Here's some more post-debate Huckabee buzz:
From the Des Moines Register:
Huckabee has come out of single digits to play in the big leagues of this campaign, and his good-natured performance Wednesday shows he can swing an oratorical bat with the best of them.From Real Clear Politics:
While other candidates fumbled around when dealing with biblical questions, Huckabee's background as a Baptist minister came in handy when he said that there are some things in the Bible no one can understand, so it's more important to follow the things that are understandable.
Huckabee also fended off an attack from Romney over Huckabee's plan to provide in-state tuition for children of undocumented workers in Arkansas.
Huckabee shot back that he worked his way through school and that the nation shouldn't punish children for what their parents did. "We're a better country than that," he said.
McCain criticized Huckabee's support for a national retail sales tax to replace the income tax, a proposal supporters call the Fair Tax. Huckabee observed later something his minister once told him: "When they are kicking you in the rear, it's just proves you are out front."
Later, when one questioner asked what Jesus would do about the death penalty, Huckabee said, "Jesus was too smart to ever run for public office, that's what Jesus would do."
Huckabee is rapidly becoming the hot story in the 2008 presidential campaign. After Wednesday night, he's likely to get a whole lot hotter.
It is not about Iowa only any more. Mike Huckabee has a real shot to be the Republican nominee.From MSNBC:
The GOP race is usually characterized as either a two-person contest (Giuliani vs. Romney) or a wide open field among the five viable candidates (Giuliani, Romney, Thompson, Huckabee and McCain). However, what we are fast approaching is a three-man race between Huckabee, Romney and Giuliani.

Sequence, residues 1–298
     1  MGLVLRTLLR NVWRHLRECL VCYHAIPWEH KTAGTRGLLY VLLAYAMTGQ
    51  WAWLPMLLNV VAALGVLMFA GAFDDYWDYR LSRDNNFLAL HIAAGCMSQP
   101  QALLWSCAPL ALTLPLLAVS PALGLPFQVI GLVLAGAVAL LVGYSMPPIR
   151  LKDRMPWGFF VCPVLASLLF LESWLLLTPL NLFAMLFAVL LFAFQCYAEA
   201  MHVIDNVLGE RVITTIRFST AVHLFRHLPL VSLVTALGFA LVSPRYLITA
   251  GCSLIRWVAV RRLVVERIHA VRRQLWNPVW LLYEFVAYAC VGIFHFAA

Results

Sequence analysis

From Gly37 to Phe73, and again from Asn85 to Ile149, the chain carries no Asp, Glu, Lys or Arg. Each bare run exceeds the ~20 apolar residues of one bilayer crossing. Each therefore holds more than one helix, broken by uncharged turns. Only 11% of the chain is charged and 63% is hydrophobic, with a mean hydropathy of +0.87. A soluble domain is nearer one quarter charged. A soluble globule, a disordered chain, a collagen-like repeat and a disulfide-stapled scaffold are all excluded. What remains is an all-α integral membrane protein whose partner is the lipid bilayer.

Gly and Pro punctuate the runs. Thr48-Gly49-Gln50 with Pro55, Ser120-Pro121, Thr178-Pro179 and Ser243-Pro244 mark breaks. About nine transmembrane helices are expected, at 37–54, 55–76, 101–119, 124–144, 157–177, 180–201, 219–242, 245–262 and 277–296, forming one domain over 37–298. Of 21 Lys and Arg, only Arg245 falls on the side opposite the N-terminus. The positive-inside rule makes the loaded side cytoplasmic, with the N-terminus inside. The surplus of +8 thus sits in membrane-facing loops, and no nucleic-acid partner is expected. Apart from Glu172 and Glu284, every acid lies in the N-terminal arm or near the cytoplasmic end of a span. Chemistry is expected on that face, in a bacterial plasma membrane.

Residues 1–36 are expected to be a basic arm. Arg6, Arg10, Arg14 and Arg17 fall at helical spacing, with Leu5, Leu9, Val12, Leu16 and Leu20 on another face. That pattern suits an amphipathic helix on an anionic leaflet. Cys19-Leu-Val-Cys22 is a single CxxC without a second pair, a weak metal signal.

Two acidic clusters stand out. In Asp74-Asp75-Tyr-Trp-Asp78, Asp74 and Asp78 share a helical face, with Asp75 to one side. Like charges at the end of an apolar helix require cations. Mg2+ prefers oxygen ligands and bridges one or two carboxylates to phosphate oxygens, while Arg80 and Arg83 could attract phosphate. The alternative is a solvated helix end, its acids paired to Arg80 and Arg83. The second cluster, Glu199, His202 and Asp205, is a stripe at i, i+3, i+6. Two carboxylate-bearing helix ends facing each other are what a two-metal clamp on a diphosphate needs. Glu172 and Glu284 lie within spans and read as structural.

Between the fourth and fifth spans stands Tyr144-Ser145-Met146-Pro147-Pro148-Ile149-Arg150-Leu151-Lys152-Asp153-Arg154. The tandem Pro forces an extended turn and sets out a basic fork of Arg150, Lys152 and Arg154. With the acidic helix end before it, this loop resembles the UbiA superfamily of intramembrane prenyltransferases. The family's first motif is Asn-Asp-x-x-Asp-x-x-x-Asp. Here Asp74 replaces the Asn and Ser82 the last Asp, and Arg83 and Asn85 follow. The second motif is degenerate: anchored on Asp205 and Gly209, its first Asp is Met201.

An important signal to watch for over the next month will be whether Huckabee overtakes Romney in the national polls leading up to Iowa. If that were to happen concurrently with Huckabee continuing to head toward a win in Iowa that would be an important tell that Republican voters are moving toward ultimately a Huckabee vs. Giuliani showdown.
Giuliani remains the favorite, but at 10-1 odds that would be a showdown that Mike Huckabee might just be able to win.
Big night for Mike Huckabee. On a night when many voters were looking at him in a different light thanks to the dramatic increase in attention the media's been giving him, he delivered big time. Unlike previous debates, he didn't open with a joke but instead sounded very presidential in his first answer; He had his share of one-liners, but he seemed to balance the funny with more presidential rhetoric.From the Washington Post:
Huckabee stepped up his game tonight. The rest of the field better be glad that the GOP debates end on Dec. 12, a full three weeks before the Iowa caucuses and that's enough time for his potentially dominant debate performances to fade from voter memories. Surprisingly, he didn't get attacked too much. Romney took a shot, but nothing too harsh (Iowa nice, right?). Most importantly for Huckabee, he'll likely be declared the winner of this debate by every member of the Amtrak Corridor media elite and that should get him some serious buzz. The question for the rest of the field: when will others begin to take him as a more serious threat.
If candidate debates were any indicator, Mike Huckabee would be entering the month of December as the front-runner for the Republican nomination.
On stage with his rivals in St. Petersburg Wednesday night, Huckabee once again demonstrated a mastery of the moment that none of the others could match. He had the night’s most memorable lines, as has often been the case, mixing humor with a facility to think on his feet under pressure.
But more than that he appeared totally comfortable in his own conservative skin -- enough to say he does believe that every word in the Bible is the literal truth or to remind Mitt Romney that the children of illegal immigrants should not be punished for the crimes of their parents.